September 2006
"New Report Urges Return to Basics In Teaching Math," by John Hechinger. The Wall Street Journal, 12 September 2006, page A1. The National Council of Teachers of Mathematics (NCTM) recently released its Curriculum Focal Points which are focused gradebygrade guidelines for the mathematics that students in prekindergaten through eighth grade should know. Some states have close to 100 expectations for students in math in some grades. The NCTM hopes that its report will help state officials, teachers, and publishers set clearer goals for math education. In the Education Week article, R. James Milgram, a Stanford University math professor, says, "I would hope that this has a large impact, because I believe it gets it right....I hope that what this represents is an end to the math wars." This article gives examples in the areas of geometry, and number and operations, showing how students are expected to progress from grade to grade. To many people, the Focal Points appear to move closer to a more traditional approach to teaching mathematics. Hechinger also gives some of the guidelines, traces the history of previous recommendations from the NCTM, and describes programs such as Singapore Math and Investigations that are now being used in schools to teach math. He gives reactions to the report. For example, Ralph Raimi, a University of Rochester mathematics professor, calls the report "a remarkable reversal, and it's about time." The editorial in the Chicago SunTimes says that "Recommendations are not reality, but considering the downward trajectory of young Americans in math and science, this basic recipe for turning that trend around couldn't be more welcome." In her article, Saunders expresses disappointment with current math teaching (calling it "fuzzy math") and is "thrilled to see the NCTM actually concentrating on math skills." Yet her spirits were somewhat dampened after speaking with Jim Rubillo, NCTM executive director. Rubillo says that the new guidelines are a "continuation" of NCTM's 1989 standards and that "The math wars are just an invention in the last few years of just a couple of people."  Mike Breen
"Math Factor Radio," by Ivars Peterson. Science News Online, 30 September 2006. While the weekly television series NUMB3RS may be increasing people's awareness of mathematics, it is not the only game in town. In this article, Ivars Peterson reports on two other sources of mathematical entertainment. The first is The Math Factor, a weekly program of "newsy and entertaining math snippets" presented by mathematician Chaim GoodmanStrauss on University of Arkansas public radio station, KUAF. In a recent segment, GoodmanStrauss and program host Kyle Kellams discussed the Poincaré Conjecture with geometer Jeff Weeks. Other program topics have included "cardinality, encryption, paradoxes, puzzles, [and] rates of change," according to GoodmanStrauss. You can listen to podcasts of The Math Factor by searching for "math factor." For a "different sort of edifying experience", Peterson suggests an Internet radio station that plays "all science and math songs, all the time!" The host is Greg Crowther of the University of Washington in Seattle. Check it out. Peterson notes that listeners must subscribe to the service, or can purchase individual tracks.  Claudia Clark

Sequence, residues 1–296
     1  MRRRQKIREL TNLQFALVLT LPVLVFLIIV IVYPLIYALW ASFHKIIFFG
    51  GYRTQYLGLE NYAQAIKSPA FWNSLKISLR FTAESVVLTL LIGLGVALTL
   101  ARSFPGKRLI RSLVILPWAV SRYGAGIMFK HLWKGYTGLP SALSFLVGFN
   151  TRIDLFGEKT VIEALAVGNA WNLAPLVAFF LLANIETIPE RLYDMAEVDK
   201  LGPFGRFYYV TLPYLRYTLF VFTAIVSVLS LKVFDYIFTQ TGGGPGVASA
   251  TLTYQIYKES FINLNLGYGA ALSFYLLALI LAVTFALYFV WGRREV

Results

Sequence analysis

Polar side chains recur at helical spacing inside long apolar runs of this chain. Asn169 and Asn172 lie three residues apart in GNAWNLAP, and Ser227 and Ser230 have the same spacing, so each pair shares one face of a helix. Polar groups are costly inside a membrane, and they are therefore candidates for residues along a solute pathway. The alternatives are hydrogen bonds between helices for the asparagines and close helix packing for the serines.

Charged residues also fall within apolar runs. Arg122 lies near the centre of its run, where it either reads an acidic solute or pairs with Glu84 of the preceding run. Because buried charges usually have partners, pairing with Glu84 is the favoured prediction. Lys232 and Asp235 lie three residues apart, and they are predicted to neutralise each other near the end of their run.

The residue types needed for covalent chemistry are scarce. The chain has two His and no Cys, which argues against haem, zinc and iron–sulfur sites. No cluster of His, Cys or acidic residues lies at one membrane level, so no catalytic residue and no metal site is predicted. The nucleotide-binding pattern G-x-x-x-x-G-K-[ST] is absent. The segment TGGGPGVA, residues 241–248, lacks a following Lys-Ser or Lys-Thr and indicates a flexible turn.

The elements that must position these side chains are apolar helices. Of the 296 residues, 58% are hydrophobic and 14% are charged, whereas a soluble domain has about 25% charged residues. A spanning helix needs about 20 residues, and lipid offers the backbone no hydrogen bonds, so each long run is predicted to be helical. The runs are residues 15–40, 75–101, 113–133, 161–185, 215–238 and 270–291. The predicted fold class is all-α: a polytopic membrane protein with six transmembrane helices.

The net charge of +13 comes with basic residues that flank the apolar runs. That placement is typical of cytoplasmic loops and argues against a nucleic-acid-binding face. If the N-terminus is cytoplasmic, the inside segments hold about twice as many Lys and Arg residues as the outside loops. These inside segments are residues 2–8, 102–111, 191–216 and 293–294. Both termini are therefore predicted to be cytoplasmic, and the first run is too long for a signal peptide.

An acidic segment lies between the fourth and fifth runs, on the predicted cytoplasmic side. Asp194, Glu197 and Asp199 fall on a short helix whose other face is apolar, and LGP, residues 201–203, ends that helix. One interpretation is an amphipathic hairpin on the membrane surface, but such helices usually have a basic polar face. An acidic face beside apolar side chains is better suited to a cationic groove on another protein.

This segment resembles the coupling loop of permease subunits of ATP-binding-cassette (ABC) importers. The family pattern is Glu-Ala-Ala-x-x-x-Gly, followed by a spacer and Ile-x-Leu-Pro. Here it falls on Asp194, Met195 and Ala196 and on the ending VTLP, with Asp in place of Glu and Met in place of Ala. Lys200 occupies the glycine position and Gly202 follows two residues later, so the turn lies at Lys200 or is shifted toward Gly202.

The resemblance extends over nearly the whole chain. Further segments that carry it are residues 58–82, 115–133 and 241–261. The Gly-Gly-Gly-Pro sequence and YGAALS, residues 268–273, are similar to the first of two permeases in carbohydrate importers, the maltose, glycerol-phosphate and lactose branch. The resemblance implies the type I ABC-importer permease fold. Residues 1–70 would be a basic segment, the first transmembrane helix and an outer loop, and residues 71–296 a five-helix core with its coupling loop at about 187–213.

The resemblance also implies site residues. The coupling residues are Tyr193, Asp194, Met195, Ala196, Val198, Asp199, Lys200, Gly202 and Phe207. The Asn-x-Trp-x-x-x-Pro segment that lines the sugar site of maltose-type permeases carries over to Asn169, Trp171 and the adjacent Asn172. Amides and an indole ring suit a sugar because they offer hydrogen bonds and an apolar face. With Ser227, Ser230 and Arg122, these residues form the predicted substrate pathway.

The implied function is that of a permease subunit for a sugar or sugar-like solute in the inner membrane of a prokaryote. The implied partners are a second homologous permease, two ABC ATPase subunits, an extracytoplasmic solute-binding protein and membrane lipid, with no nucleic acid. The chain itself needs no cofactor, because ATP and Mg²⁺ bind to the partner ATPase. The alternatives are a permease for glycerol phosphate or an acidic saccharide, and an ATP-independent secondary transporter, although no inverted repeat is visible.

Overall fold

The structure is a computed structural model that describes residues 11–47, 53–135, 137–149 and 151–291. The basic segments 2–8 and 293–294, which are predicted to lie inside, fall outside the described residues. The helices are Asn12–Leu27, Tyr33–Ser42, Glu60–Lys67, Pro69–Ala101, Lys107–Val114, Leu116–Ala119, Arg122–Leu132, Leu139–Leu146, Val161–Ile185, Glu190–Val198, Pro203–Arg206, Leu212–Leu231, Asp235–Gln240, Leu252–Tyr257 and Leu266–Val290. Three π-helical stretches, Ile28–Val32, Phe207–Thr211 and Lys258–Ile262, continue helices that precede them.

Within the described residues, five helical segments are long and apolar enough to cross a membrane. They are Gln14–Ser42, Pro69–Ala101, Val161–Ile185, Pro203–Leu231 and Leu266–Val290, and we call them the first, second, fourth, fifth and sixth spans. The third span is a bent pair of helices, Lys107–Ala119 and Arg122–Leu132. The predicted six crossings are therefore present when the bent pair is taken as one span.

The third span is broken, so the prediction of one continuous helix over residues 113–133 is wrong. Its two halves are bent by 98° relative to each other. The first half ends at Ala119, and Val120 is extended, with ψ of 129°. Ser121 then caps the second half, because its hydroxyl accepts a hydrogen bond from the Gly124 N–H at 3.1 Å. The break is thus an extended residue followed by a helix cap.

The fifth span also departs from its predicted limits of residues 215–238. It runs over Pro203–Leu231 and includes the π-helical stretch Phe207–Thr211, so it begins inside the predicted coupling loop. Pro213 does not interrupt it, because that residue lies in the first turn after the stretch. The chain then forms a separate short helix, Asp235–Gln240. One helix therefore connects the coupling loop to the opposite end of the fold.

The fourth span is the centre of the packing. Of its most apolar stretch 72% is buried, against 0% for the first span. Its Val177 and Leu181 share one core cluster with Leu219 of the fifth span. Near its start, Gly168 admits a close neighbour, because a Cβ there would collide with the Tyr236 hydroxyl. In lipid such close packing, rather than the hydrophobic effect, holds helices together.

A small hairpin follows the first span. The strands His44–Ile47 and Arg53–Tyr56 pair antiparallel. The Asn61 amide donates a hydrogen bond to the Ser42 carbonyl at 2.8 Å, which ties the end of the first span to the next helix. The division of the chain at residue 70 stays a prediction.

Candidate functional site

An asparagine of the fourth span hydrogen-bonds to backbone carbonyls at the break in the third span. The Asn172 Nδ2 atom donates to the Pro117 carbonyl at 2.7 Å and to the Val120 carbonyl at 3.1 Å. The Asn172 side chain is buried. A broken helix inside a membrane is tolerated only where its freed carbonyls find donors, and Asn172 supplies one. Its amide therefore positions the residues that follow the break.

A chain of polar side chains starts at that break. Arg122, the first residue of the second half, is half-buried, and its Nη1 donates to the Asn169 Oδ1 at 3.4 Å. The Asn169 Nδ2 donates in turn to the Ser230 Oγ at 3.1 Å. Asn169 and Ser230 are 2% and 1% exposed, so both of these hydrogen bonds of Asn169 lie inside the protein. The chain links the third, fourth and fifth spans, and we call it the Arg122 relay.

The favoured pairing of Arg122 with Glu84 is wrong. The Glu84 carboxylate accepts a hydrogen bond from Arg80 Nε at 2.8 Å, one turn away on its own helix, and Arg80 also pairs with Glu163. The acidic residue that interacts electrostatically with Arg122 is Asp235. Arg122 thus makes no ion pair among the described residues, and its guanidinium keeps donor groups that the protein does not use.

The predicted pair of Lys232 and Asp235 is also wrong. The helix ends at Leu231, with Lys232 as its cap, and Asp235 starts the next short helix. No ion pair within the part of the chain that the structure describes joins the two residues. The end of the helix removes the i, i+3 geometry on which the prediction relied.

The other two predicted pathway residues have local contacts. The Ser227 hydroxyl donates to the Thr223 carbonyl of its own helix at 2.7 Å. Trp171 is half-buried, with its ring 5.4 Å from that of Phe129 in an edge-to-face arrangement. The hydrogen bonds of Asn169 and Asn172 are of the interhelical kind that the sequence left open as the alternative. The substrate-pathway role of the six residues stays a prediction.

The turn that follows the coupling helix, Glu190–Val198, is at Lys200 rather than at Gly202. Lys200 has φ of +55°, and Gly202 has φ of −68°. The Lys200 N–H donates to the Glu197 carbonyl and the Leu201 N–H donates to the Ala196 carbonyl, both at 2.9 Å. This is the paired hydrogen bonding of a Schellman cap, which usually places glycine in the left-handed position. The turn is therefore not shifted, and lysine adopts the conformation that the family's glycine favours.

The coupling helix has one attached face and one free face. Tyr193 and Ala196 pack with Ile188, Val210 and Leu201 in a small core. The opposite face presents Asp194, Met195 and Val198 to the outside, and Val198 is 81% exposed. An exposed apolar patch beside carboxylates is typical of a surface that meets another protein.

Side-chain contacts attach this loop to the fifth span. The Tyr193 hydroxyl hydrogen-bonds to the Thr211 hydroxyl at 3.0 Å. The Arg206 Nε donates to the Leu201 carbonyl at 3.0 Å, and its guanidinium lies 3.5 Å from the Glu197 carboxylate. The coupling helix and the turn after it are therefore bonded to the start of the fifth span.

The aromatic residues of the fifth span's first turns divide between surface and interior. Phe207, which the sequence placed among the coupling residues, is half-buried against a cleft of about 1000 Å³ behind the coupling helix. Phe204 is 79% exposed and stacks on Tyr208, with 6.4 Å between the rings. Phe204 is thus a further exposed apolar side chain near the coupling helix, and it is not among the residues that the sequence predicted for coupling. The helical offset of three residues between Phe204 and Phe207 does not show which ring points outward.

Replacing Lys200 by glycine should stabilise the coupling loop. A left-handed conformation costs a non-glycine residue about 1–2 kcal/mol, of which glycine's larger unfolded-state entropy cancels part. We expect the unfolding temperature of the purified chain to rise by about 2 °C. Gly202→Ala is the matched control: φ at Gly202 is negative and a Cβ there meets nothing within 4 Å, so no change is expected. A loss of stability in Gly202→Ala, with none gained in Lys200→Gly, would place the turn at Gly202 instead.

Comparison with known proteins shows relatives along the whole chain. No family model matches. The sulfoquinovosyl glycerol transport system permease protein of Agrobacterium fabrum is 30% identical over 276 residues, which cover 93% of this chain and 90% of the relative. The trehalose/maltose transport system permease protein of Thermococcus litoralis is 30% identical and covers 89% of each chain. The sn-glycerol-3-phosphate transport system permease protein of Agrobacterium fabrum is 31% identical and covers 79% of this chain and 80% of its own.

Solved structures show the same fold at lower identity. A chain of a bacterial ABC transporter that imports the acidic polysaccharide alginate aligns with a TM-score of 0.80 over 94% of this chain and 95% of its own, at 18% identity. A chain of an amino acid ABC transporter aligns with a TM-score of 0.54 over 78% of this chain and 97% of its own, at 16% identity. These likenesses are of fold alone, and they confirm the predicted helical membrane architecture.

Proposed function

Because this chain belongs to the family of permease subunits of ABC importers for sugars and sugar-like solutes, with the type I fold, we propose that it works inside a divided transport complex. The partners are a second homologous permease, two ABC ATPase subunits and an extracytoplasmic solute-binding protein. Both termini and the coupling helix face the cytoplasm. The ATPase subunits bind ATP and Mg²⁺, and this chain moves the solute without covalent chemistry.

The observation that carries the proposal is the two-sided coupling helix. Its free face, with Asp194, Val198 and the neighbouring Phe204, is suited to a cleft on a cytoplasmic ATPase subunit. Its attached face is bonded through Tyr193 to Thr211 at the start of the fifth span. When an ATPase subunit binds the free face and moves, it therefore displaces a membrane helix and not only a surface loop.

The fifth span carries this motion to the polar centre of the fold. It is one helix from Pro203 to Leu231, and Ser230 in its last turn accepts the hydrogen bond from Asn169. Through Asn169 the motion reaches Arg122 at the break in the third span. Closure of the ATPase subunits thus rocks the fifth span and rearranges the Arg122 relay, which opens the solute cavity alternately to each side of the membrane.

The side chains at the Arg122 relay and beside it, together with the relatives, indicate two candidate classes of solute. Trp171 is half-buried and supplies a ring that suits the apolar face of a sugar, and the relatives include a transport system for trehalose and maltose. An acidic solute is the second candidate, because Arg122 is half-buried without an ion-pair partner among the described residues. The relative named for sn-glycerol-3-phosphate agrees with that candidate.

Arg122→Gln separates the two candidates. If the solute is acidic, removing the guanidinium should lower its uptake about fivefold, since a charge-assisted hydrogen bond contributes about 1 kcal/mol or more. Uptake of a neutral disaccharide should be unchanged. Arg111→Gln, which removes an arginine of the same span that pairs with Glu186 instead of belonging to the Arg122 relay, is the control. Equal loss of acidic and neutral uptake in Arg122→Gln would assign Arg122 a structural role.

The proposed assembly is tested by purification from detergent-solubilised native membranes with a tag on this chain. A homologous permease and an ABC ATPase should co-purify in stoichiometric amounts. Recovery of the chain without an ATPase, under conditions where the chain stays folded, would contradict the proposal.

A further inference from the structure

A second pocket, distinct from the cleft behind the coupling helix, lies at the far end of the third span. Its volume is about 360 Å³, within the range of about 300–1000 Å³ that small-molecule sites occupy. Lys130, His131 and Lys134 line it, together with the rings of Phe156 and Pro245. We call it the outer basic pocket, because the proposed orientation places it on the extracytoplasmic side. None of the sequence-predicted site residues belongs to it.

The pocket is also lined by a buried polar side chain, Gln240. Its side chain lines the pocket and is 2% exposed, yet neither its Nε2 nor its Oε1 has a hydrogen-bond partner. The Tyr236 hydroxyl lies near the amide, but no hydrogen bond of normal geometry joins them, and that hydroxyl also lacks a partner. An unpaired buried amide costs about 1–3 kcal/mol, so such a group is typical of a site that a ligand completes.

"Black Mathematicians, Still a Rarity, See Light at the End of the Pipeline," by Carolyn Mooney. The Chronicle of Higher Education, 29 September 2006. The article starts by identfying Emery N. Brown, Dennis Davenport, George F. Edmonds, and Elaine C. Smith as academic rarities when they earned their doctorates almost 20 years ago: "They were the only black Americans known to have earned a Ph.D. in mathematics during the 198788 academic year." Mooney reports that while the number and proportion of minority students and doctorates in math have grown steadily, black math scholars are "still relatively rare." Why? Brown, Davenport and Smith agree that "in mathematics, more so than in many disciplines, preparation must begin long before college. Miss a key course, and it's hard to catch up." Also, young black students need role models and mentors. The AMS's James Maxwell, coauthor of the annual surveys on mathematics, "believes some of the steps that have drawn more women to mathematicsoffering more research opportunities at an earlier stage, for example, and seeking out students beyond the obvious ones who win math awardscan also work for minorities." Davenport is concerned about the overall numbers of Americans earning math doctorates, calling it a national crisis. Brown, Davenport, and Smith reflect on their experiences and career paths, and each continues to be a role model.  Annette Emerson
"A Web Site Tells Black Math Scholars 'Who We Are'," by Carolyn Mooney. The Chronicle of Higher Education, 29 September 2006.
"Statistical Flaw Trips Up Study of Bad Stats," by Jim Giles. Nature, 28 September 2006, page 379. Two ecologists shook up the Nature editors in 2004 with a paper claiming that one in three articles in the journal contained statistical errors, but further examination has revealed that the ecologists may have erred themselves. The ecologists, Emili GarciaBerthou and Carles Alcaraz, claimed that the prevalence of certain numbers in final decimal digits of reported statistics exposed errors in rounding. They used a continuous probability distribution to form their conclusion, but physicist Monwhea Jeng recently showed that a discrete distribution would have been the correct choice—and would have shown no evidence of rounding errors. The ecologists’ paper also claims that many Nature and British Medical Journal articles contain incorrectly computed p values, an assertion that remains unchallenged and has driven editors to seek methods for ensuring proper statistical calculations.  Lisa DeKeukelaere
"A Closer Look at Sports Miracles," by Carl Bialik. The Numbers Guy, Wall Street Journal Online, 28 September 2006.
"Die Rolle des Zufalls in der Mathematik (The role of randomness in mathematics)," by George Szpiro. Neue Zürcher Zeitung, 27 September 2006. Out of the hundreds of research lectures at the International Congress of Mathematicians in Madrid in August 2006, at least one clear theme emerged: the role of randomness in mathematics. Szpiro describes some of the lectures in which this theme was present.  Allyn Jackson